Williams, David, George Meredith: his life and lost love, London: H. Hamilton, 1977. □
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George Meredith, 1828–1909, English novelist and poet. One of the great English novelists, Meredith wrote complex, often comic yet highly cerebral works that contain striking psychological character studies. As a youth he attended a Moravian school in Germany and eventually became apprenticed to a London lawyer. He began his career as a freelance journalist, contributing to newspapers and magazines in London. His first volume of poems appeared in 1851 and received the praises of Tennyson. In 1849 he married Mary Ellen Nicoll, the widowed daughter of Thomas Love Peacock; she left him in 1858. Modern Love (1862), a series of 50 connected poems, reflects his own experience in relating the tragic dissolution of a marriage. He married Marie Vulliamy, happily, in 1864 and settled in Surrey, the location that inspired many of his later nature poems. Although Meredith began and ended his literary career as a poet, he is best remembered as a novelist. His first distinguished work, The Ordeal of Richard Feverel, appeared in 1859. His other notable books include Evan Harrington (1860), The Adventures of Harry Richmond (1871), The Egoist (1879), and Diana of the Crossways (1885). His famous critical essay, On the Idea of Comedy and the Uses of the Comic Spirit (1897), was first delivered as a lecture in 1877. Meredith's novels and poems are written in a brilliant but oblique style. Highly intellectual, his novels often treat social problems. Prominent in all his works is his joyful belief in life as a process of evolution.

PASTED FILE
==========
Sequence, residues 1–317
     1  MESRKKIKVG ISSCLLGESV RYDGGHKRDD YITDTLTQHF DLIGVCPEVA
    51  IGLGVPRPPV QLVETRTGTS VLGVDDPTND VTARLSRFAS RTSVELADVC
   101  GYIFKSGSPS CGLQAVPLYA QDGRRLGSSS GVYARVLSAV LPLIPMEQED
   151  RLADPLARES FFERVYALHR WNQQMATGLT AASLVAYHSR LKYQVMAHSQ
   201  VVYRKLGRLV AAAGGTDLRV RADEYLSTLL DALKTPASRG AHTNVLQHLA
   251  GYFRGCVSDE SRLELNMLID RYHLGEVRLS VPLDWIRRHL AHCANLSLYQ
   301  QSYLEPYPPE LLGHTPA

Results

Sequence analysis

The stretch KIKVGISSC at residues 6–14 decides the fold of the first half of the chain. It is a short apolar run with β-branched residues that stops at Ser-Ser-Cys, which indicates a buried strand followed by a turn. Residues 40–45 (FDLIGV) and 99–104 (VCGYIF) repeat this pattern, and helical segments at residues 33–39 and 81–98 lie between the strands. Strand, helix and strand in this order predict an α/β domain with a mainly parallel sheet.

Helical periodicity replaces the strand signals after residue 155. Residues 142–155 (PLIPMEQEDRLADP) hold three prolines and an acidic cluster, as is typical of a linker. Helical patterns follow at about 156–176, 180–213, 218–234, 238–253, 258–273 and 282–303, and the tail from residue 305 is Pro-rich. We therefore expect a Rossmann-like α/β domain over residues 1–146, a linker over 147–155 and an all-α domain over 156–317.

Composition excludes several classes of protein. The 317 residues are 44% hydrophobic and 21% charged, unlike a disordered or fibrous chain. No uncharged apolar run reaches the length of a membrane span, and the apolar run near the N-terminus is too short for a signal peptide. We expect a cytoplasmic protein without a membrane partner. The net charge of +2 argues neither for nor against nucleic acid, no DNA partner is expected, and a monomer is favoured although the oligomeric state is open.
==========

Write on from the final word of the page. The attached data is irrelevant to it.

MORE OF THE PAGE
See various volumes of his letters; biography by L. Stevenson (1953, repr. 1967); studies by G. M. Trevelyan (1906, repr. 1966), S. Sassoon (1948, repr. 1969), J. B. Priestley (1926, repr. 1970), G. Beer (1970), R. Muendel (1986).
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BORN: 1828, Portsmouth, England
DIED: 1909, Surrey, England
GENRE: Fiction, nonfiction, poetry
The Shaving of Shagpat (1856)
Modern Love (1862)
The Egoist (1879)
Diana of the Crossways (1885)
George Meredith is known chiefly as a Victorian novelist and poet who innovated literature by his focus on character psychology rather than plot. His shorter fiction appeared toward the beginning of his career, in the late 1850s and early 1860s, and reached its fullest development in three stories published in the 1870s in the New Quarterly Magazine. Meredith's career developed in conjunction with an era of great change in English society during the second half of the nineteenth century. His treatment of issues such as shifting social class and rapidly developing industrialization established him as a heavy influence on the early modernist writers that would follow him.
Works in Biographical and Historical Context
The Victorian Era and False Prosperity Meredith lived most of his life in a time known as the Victorian era, during which Queen Victoria ruled England and its territories. Queen Victoria sat on the throne longer than any other British monarch, from 1837 until 1901. This period saw significant changes for both Britain and Europe as a whole, with advances in industrialization